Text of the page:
Architect and Associate Professor at Federal University in Rio de Janeiro (FAU-UFRJ)
in Brazil. Graduated in Architecture (Instituto Bennett de Ensino, 1981), with a Master of Science Degree on Urban Planning (The University of Michigan, 1983), and a Doctoral Degree in Urban Environmental Structures (University of São Paulo, 2000). She is a researcher at the Graduate Program in Architecture (PROARQ-UFRJ), advisor of doctoral and master thesis and dissertations, coordinator of the research group SEL-RJ (Open spaces systems in Rio de Janeiro) and vice-coordinator of the research group Prolugar (Quality of Place and Landscape). Main research fields include urban landscape morphology, urban design and architectural design, and interests comprise peripheral neighborhoods, urban expansion regions and low income settings, social housing design and architecture education. Vera is also a member of the directory board of the Brazilian Association of Landscape Architects and associated to the Brazilian Architects Institute. Email: firstname.lastname@example.org
Jennifer van den Bussche
Jennifer van den Bussche is the founder and director of Sticky Situations in Johannesburg. She is a Project Manager who brings strong facilitation skills to her work, complimented by her experience in community development, as well as her background in construction, and training in architecture. Jennifer has used these skills to bring together talented teams in disadvantaged communities in Johannesburg to create successful outcomes in a range of projects including public art, sanitation upgrades and multi-media exhibitions and events. She studied architecture at Deakin University, Australia, and will complete a Masters in International and Community Development in 2015. As Global Studio Johannesburg project manager, Jennifer contributed to the success of Global Studio from 2007-09. In addition to Sticky Situations (founded 2010), she co-ordinates the Graduate School of Architecture, Planning and Preservation’s (GSAPP) Studio X projects and activities in South Africa.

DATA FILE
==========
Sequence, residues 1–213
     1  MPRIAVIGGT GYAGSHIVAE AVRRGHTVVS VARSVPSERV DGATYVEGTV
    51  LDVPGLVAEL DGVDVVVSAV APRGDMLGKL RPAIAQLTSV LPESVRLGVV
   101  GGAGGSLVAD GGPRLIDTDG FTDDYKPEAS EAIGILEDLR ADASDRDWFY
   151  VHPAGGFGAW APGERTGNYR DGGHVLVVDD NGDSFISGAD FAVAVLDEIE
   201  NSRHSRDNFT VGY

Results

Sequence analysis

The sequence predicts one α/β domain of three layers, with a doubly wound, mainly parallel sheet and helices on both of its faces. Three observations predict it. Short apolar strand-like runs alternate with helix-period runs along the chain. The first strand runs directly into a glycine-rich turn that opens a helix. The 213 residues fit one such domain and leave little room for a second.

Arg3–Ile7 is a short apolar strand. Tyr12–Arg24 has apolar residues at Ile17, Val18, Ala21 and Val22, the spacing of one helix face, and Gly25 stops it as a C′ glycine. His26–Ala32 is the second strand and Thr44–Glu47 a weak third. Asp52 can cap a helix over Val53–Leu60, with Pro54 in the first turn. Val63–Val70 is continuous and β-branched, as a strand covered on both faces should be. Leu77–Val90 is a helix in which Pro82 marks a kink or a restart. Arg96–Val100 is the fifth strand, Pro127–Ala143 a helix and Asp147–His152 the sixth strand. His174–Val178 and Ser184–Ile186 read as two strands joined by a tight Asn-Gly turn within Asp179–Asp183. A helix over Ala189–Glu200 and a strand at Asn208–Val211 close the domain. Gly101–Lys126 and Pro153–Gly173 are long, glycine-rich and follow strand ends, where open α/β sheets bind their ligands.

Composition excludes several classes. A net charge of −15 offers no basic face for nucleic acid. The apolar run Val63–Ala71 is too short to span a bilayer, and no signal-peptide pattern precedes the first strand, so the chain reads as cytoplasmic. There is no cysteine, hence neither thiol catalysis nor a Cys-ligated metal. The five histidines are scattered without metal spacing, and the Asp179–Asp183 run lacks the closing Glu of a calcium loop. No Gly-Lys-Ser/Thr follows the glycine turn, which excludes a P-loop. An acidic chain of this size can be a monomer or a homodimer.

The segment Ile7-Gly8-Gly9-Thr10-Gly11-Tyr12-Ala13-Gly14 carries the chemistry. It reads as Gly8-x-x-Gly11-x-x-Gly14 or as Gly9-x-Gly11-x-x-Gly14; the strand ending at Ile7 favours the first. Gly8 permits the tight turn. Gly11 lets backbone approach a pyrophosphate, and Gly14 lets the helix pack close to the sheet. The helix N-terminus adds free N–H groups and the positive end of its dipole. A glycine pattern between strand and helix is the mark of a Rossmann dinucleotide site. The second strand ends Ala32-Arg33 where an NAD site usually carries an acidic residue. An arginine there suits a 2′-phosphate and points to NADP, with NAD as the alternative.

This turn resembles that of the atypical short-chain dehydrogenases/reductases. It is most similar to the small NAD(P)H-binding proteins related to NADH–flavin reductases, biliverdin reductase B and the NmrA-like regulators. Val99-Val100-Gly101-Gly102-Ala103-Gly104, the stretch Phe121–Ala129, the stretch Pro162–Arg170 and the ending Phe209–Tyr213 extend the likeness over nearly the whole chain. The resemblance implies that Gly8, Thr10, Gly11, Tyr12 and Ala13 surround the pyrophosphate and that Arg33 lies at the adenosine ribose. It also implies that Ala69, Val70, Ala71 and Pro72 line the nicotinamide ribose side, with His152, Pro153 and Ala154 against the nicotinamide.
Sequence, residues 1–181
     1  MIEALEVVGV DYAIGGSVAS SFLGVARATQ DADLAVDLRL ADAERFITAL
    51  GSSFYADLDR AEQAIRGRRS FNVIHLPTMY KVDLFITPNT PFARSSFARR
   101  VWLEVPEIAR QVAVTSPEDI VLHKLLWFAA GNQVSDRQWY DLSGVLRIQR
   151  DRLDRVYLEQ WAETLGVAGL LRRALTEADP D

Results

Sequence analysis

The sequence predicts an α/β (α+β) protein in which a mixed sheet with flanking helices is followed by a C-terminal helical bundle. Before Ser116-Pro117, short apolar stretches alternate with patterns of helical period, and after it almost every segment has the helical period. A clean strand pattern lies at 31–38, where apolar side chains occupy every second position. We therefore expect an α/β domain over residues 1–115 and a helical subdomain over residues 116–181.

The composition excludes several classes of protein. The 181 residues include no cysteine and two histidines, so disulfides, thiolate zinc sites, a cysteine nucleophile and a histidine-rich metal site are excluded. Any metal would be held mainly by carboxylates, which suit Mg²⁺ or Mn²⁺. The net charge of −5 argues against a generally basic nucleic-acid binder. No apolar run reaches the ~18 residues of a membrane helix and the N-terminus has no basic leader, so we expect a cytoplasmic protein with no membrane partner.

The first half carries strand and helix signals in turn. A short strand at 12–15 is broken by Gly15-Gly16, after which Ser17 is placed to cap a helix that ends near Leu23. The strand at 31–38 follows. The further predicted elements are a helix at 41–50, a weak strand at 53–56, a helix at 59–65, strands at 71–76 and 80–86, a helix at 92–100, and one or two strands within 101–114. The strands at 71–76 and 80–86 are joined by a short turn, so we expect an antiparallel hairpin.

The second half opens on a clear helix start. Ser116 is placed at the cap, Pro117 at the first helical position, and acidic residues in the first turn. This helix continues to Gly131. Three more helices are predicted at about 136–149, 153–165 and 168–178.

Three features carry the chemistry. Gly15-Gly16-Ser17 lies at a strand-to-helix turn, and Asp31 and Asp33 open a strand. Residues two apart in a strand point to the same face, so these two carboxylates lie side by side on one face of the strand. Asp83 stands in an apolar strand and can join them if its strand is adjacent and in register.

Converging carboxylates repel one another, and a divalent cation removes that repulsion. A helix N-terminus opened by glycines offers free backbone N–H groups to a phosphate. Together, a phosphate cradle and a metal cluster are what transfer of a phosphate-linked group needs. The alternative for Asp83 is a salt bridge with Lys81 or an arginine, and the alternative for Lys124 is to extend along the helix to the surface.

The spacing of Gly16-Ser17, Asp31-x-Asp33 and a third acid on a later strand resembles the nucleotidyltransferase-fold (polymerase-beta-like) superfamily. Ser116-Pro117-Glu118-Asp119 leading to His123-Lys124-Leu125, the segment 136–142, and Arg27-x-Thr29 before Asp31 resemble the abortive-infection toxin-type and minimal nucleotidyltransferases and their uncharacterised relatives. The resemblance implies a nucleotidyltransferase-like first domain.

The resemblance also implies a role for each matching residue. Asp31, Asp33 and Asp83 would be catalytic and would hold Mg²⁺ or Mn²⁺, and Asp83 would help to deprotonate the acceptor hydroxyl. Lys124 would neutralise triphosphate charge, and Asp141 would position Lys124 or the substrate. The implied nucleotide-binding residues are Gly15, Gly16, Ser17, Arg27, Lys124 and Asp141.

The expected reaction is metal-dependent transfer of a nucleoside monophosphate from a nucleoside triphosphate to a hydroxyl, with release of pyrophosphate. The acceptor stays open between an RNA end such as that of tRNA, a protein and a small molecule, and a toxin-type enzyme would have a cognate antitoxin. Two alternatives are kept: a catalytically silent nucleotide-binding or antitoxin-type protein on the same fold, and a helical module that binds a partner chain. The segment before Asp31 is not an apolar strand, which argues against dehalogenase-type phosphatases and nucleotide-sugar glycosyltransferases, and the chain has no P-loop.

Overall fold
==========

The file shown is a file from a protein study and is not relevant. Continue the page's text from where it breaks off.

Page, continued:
Sarah Williams is an Assistant Professor of Urban Planning currently Director of the Civic Data Design Project, which is new research lab that is part of Massachusetts Institute of Technology’s (MIT) School of Architecture and Planning School. The Civic Data Design Project develops innovative tools and techniques that allow for the visualization, collection and spatial analysis of the vast data sets we now store about the places we live. The lab employs data visualization and mapping techniques to expose and communicate urban patterns and policy issues to broader audiences. Williams is also currently faculty of MIT’s Graduate School of Architecture and Planning.